This past June marked four years since the advent of my reading addiction. It began innocently enough with the goal of reading one book per month but this craze has now culminated to a point of madness. Case in point: I frequently find myself reading 3 (sometimes more!) books at a time and endlessly adding to my carts on both Amazon and Ebay. Oh yes, and I also frequent our local library. I seriously did not see this spiral coming- nor did I foresee the way this would radically change my life.
While I’ve thoroughly enjoyed all the classic fiction and biographies I’ve read over the last 48 plus months, it has been the deep delve into theological books that has been transformative- but not in the way you might think. While yes, those books have been incredible instruments of growth, the real change that has transpired from these readings is the desire to study Scripture more in depth. Without question, my love of the Word has truly been a sanctifying work of the Holy Spirit.
Yet, I know that although knowledge moves my heart and affections towards my heavenly Father and Savior, it is insufficient if my actions do not reflect what I have learned. For as James 1:22 so convictingly reminds, “But be doers of the word, and not hearers only, deceiving yourselves.” I can only pray the fruit of the Spirit has been increasingly evident in my life, if even in the smallest measure.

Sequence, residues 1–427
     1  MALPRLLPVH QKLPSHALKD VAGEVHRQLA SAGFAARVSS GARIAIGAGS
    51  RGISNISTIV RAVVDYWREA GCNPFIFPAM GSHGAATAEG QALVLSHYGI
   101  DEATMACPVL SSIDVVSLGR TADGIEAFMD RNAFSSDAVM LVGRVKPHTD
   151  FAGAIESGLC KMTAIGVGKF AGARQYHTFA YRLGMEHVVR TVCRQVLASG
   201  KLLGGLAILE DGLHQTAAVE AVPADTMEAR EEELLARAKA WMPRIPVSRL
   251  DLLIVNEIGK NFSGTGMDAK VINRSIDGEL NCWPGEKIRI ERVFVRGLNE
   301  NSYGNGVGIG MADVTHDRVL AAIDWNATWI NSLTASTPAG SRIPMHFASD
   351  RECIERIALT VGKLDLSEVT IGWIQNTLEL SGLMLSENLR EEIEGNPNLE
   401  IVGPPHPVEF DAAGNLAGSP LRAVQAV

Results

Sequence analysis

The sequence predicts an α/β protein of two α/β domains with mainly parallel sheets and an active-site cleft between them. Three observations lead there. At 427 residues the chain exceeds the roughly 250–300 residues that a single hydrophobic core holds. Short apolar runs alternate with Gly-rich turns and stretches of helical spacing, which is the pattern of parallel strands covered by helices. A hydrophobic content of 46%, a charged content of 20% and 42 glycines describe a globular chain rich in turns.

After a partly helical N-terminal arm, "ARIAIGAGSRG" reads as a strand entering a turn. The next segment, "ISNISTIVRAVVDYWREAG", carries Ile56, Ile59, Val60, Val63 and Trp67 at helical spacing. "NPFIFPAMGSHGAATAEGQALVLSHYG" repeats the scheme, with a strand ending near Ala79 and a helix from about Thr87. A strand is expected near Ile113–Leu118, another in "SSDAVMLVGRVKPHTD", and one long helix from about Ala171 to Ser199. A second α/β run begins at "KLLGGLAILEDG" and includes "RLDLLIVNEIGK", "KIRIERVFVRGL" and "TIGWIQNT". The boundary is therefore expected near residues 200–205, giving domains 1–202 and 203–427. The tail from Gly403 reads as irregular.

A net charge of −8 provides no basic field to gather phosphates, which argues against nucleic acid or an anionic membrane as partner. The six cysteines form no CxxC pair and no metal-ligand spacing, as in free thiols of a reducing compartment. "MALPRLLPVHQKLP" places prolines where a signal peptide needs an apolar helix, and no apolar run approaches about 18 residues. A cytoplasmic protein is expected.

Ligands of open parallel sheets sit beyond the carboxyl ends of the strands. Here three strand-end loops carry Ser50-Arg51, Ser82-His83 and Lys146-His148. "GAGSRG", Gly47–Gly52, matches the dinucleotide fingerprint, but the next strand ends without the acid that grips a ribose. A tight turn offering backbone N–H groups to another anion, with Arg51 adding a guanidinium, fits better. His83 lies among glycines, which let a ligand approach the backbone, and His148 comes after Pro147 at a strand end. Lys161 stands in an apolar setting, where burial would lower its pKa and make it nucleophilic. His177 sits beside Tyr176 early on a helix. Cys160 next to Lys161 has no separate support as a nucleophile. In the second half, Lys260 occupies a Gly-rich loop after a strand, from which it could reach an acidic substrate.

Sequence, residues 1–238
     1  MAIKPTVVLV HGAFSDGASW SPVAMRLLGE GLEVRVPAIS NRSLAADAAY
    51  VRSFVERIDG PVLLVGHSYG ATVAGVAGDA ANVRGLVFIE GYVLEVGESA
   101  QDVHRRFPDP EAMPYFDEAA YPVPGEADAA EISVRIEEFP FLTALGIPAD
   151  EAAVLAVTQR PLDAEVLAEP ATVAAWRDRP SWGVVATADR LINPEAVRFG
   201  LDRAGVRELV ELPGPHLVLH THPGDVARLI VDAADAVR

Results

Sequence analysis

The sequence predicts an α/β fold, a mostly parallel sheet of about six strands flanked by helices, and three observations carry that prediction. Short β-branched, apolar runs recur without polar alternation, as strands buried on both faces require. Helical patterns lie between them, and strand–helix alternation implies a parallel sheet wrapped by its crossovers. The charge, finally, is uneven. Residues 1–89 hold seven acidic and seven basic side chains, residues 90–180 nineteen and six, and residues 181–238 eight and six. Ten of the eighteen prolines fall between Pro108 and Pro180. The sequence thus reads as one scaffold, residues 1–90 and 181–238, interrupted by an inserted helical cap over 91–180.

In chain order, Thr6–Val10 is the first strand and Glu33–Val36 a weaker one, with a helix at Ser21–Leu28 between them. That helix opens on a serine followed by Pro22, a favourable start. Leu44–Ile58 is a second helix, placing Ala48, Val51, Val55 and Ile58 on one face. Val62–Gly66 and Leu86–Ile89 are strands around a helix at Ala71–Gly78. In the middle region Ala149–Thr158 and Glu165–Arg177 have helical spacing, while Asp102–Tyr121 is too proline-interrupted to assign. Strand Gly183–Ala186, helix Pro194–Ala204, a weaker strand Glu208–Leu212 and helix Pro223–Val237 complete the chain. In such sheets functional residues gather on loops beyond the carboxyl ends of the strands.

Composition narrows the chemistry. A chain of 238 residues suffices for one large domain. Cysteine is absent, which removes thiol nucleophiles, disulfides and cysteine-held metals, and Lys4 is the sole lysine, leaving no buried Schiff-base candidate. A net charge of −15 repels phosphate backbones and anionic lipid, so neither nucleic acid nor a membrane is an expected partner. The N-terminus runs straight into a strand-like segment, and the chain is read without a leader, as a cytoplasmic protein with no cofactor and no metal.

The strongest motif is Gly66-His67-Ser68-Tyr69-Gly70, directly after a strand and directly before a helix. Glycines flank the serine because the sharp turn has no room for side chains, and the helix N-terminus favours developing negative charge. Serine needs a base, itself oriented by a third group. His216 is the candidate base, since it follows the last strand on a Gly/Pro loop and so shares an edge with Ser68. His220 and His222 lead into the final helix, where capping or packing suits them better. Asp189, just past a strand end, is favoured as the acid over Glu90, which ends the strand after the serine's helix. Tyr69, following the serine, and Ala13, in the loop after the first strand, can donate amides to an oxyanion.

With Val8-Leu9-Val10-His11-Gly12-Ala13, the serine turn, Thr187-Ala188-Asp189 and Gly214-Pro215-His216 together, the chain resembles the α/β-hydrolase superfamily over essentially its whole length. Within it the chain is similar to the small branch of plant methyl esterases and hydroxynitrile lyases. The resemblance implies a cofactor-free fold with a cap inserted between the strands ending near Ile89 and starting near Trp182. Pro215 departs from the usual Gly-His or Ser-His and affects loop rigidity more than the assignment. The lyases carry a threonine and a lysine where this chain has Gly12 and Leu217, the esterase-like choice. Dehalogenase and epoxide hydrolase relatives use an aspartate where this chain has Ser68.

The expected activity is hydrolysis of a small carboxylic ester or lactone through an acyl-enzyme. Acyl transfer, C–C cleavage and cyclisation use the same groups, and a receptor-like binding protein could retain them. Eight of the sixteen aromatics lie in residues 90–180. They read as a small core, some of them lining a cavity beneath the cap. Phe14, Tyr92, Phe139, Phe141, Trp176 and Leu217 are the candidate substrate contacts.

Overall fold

The truth is, as followers of Christ we all have a command to love in light of the love that has been lavished upon us; to forgive as we have been forgiven, and to be rich in deed as we have so abundantly received the mercies of God. Consider the words of the Apostle Paul as he wrote to Timothy: “They are to do good, to be rich in good works, to be generous and ready to share” (1 Timothy 6:18). In light of all the riches that we have in Christ, how could we not be rich towards others?
Perhaps you, like myself, are currently completing a quick mental inventory of what these deeds include. To help us out I quickly referenced the Greek term “good works.” “Kalos ergon” translates to “beautiful (or valuable/virtuous) action or task.” In light of this definition, I think the list is infinite! As I evaluate my own life, it seems the challenge lies in both my attentiveness to the opportunities around me and with intentionally seeking out ways to be generous with others.
In order that we might further consider how to be rich in deed, let’s consider the following reflective questions:
Who in my everyday life could use help/support? What are some ways I could meet these needs?
Who in my life could benefit from my financial generosity? (Or what organization?)
Who could currently benefit from my time and attention?
For whom could I be in prayer?
What is an everyday life situation that I have overlooked as an opportunity to be rich in deed? How could I use this situation to bless others?
Who have I not spoken to for a while that I could reach out to?
May we pray diligently to obediently walk in the good deeds that Christ has prepared in advance for us to do. Let us not love in word only but in deed and in truth.